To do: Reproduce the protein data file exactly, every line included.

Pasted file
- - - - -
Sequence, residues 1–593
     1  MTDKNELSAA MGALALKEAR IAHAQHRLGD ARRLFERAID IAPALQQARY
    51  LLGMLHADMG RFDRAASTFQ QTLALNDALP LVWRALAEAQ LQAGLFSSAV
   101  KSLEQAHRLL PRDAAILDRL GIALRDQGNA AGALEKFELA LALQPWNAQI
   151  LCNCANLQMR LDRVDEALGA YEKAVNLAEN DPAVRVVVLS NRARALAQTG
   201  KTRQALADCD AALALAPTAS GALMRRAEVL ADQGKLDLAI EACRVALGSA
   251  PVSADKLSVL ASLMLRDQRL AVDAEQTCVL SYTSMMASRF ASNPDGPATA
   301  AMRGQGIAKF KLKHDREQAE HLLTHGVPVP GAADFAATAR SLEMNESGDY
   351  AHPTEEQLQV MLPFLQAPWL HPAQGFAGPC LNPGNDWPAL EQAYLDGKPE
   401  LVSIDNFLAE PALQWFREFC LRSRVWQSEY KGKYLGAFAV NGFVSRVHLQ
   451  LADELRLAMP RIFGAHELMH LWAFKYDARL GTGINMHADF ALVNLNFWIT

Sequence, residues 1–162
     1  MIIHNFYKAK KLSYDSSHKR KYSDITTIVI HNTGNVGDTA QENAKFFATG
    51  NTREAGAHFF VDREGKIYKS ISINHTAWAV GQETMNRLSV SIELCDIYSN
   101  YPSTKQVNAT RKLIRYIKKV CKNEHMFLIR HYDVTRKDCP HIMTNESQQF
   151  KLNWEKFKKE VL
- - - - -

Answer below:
Sequence, residues 1–593
     1  MTDKNELSAA MGALALKEAR IAHAQHRLGD ARRLFERAID IAPALQQARY
    51  LLGMLHADMG RFDRAASTFQ QTLALNDALP LVWRALAEAQ LQAGLFSSAV
   101  KSLEQAHRLL PRDAAILDRL GIALRDQGNA AGALEKFELA LALQPWNAQI
   151  LCNCANLQMR LDRVDEALGA YEKAVNLAEN DPAVRVVVLS NRARALAQTG
   201  KTRQALADCD AALALAPTAS GALMRRAEVL ADQGKLDLAI EACRVALGSA
   251  PVSADKLSVL ASLMLRDQRL AVDAEQTCVL SYTSMMASRF ASNPDGPATA
   301  AMRGQGIAKF KLKHDREQAE HLLTHGVPVP GAADFAATAR SLEMNESGDY
   351  AHPTEEQLQV MLPFLQAPWL HPAQGFAGPC LNPGNDWPAL EQAYLDGKPE
   401  LVSIDNFLAE PALQWFREFC LRSRVWQSEY KGKYLGAFAV NGFVSRVHLQ
   451  LADELRLAMP RIFGAHELMH LWAFKYDARL GTGINMHADF ALVNLNFWIT

Sequence, residues 1–162
     1  MIIHNFYKAK KLSYDSSHKR KYSDITTIVI HNTGNVGDTA QENAKFFATG
    51  NTREAGAHFF VDREGKIYKS ISINHTAWAV GQETMNRLSV SIELCDIYSN
   101  YPSTKQVNAT RKLIRYIKKV CKNEHMFLIR HYDVTRKDCP HIMTNESQQF
   151  KLNWEKFKKE VL